If you haven’t been bummed out yet today, take a look at this New York Magazine article on sexual abuse at the American Boychoir School. It’s an interesting read and really got me thinking.
A former student at the Boychoir school alleges abuse at the hands of the choir’s director, a claim that nobody seems to refute. The abuse was, apparently, widespread, and the details are nauseating. But the abuse occurred thirty years ago, and now the Boychoir School is being sued when none of the people involved in the abuse (and few involved in the failure to address said abuse) are a part of the school anymore. The alleged perpetrator of such horrors is rumored to be hiding in Canada or Europe. Is this really justice being served?
A few months ago, an elderly priest at Jesuit High School, my sophomore Latin teacher, was accused of sexual abuse. The incident, if it occurred, took place over thirty years ago at a Jesuit school in Dallas, a school which all of my male uncles and several of my cousins attended. The school settled the case; as part of the settlement, the priest agreed never to teach again.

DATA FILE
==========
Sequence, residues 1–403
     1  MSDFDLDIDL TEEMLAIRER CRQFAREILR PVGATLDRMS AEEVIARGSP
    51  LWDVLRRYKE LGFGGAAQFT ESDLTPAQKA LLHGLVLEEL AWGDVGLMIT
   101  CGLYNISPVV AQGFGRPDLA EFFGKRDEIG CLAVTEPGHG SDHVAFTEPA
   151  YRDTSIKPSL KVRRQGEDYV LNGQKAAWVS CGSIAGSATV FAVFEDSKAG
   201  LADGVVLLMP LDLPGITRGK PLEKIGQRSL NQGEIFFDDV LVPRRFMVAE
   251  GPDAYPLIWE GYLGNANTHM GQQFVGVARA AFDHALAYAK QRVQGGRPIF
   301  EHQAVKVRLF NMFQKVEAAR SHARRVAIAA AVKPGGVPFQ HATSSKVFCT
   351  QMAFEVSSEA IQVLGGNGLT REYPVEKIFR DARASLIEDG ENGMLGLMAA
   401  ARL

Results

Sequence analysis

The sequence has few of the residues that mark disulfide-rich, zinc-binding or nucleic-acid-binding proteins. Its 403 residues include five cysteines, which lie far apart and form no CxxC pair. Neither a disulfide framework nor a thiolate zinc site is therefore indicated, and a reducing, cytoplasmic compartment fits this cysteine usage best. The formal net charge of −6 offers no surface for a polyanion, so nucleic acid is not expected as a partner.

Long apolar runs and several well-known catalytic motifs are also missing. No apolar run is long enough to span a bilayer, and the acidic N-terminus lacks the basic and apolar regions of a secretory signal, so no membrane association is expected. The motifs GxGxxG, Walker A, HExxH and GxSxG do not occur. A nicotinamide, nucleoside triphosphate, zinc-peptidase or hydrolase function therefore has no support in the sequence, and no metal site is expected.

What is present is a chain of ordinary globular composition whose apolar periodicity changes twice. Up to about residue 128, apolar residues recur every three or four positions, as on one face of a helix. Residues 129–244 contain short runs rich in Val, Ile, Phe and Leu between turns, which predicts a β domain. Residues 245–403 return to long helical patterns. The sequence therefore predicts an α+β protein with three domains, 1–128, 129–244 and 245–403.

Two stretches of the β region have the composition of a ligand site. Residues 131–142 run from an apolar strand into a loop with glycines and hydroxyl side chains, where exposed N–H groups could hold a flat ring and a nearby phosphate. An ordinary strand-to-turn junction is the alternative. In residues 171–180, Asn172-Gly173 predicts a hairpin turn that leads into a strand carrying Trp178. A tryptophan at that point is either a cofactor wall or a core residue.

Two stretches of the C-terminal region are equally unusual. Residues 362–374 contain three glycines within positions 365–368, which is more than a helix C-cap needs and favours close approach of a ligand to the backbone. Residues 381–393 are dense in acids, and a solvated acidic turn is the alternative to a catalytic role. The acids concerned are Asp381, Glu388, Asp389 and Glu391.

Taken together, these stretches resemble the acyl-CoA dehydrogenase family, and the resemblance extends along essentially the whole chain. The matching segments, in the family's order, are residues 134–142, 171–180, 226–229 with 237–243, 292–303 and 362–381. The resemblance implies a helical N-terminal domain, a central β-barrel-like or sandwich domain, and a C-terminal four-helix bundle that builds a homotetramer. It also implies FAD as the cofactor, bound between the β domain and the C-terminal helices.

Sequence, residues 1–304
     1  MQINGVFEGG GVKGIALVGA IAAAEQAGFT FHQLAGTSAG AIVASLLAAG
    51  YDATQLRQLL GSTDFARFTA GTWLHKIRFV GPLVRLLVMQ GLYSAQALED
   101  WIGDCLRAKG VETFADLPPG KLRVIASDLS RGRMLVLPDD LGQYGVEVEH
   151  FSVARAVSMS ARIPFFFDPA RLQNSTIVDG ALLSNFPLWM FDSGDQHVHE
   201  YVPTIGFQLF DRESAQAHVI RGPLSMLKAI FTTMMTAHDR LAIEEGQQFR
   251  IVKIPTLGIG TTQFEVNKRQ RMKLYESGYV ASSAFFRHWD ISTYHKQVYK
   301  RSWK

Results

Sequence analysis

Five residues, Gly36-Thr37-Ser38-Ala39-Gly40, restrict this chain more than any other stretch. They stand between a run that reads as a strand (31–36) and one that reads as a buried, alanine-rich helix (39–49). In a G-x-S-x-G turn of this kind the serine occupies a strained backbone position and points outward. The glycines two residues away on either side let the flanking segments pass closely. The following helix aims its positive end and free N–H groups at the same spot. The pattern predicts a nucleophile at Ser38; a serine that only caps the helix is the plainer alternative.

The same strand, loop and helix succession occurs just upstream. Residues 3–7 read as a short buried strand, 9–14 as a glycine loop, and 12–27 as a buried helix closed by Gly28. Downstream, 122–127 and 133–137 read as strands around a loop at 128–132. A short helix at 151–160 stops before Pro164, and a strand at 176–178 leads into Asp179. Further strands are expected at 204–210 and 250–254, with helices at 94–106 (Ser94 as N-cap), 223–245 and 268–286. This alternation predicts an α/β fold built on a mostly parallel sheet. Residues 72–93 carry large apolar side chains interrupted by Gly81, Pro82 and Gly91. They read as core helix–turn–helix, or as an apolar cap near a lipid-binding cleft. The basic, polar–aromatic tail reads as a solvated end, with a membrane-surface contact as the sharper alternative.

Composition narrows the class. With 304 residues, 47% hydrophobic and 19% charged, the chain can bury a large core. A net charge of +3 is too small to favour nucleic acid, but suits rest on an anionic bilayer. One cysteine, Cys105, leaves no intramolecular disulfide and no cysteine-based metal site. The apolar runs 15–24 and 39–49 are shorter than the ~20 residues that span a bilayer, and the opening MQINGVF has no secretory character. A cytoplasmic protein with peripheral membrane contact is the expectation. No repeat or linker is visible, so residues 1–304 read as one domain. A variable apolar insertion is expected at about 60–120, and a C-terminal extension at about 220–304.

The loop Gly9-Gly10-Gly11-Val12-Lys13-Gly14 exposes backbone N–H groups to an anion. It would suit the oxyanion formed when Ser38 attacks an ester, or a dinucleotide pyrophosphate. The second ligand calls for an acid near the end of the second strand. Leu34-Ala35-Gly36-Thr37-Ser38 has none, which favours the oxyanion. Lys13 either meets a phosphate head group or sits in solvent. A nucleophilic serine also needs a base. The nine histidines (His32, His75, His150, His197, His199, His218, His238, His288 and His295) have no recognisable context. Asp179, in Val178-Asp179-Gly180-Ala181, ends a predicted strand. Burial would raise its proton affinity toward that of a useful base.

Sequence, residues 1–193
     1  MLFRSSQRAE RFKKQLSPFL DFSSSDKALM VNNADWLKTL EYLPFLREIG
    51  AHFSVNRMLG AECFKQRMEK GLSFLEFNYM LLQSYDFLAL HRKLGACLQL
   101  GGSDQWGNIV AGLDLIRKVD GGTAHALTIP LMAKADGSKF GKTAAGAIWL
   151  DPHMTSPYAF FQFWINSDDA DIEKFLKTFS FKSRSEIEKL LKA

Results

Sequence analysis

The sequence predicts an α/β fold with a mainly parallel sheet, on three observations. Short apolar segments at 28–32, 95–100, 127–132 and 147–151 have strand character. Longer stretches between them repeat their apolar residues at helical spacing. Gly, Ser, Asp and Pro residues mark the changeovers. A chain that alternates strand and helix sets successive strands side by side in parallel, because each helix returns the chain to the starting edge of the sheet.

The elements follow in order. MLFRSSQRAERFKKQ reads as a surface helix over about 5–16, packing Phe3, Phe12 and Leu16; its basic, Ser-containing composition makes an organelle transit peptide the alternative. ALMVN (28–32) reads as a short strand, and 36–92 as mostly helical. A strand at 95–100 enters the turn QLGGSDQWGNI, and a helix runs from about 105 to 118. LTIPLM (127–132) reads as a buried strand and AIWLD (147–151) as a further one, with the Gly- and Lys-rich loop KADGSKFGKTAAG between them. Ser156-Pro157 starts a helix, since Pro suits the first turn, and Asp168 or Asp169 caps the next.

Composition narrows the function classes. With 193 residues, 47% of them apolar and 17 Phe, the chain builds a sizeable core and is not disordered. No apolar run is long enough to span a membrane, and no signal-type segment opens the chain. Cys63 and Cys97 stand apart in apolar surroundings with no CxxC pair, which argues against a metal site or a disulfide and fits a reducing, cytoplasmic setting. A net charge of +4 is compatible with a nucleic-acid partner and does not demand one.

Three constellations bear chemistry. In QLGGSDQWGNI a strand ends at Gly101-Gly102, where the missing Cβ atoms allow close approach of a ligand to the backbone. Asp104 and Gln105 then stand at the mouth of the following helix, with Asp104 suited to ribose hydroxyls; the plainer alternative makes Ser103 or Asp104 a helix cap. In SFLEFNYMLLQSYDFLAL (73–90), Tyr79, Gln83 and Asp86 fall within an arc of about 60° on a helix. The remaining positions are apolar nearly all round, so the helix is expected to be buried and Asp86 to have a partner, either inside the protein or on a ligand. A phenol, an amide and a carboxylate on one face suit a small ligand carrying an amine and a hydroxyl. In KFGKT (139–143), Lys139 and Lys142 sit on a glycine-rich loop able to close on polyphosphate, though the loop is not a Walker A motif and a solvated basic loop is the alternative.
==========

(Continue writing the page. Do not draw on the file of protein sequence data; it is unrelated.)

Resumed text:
The details of the accusation are not known to the public. How, then, am I supposed to form an educated opinion on the situation? How am I to reconcile my fond memories of Fr. Boudreaux with these nebulous allegations of horrible crimes?
This, to me, is the most tragic thing about pedophilia. It’s a disease that afflicts its host for life, and it strikes people who are otherwise good. How does that fit into one’s moral system? I’d find it hard to believe if Fr. Boudreaux were accused of robbing a bank or dealing drugs, but I’m not equipped to determine whether he suffers from a very private sexual disorder. Sexual molestation spreads shame, depression, guilt, and terror directly, but indirectly it also spreads doubt and dissonance: I’ll never know whether my former teacher is a pedophile.